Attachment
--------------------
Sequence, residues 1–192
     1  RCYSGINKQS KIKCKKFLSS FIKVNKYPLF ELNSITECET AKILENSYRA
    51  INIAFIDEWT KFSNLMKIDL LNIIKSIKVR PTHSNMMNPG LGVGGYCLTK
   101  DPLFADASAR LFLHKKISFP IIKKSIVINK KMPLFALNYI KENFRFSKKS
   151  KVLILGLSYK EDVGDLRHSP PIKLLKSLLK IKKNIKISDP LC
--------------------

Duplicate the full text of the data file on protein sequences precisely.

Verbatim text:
Sequence, residues 1–192
     1  RCYSGINKQS KIKCKKFLSS FIKVNKYPLF ELNSITECET AKILENSYRA
    51  INIAFIDEWT KFSNLMKIDL LNIIKSIKVR PTHSNMMNPG LGVGGYCLTK
   101  DPLFADASAR LFLHKKISFP IIKKSIVINK KMPLFALNYI KENFRFSKKS
   151  KVLILGLSYK EDVGDLRHSP PIKLLKSLLK IKKNIKISDP LC